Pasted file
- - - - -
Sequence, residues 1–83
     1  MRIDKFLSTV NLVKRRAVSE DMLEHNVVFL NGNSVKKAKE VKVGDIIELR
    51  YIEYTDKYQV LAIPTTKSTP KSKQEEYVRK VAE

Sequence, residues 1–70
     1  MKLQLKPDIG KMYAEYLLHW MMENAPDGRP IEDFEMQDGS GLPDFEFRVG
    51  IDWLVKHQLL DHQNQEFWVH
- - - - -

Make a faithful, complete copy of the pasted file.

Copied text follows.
Sequence, residues 1–83
     1  MRIDKFLSTV NLVKRRAVSE DMLEHNVVFL NGNSVKKAKE VKVGDIIELR
    51  YIEYTDKYQV LAIPTTKSTP KSKQEEYVRK VAE

Sequence, residues 1–70
     1  MKLQLKPDIG KMYAEYLLHW MMENAPDGRP IEDFEMQDGS GLPDFEFRVG
    51  IDWLVKHQLL DHQNQEFWVH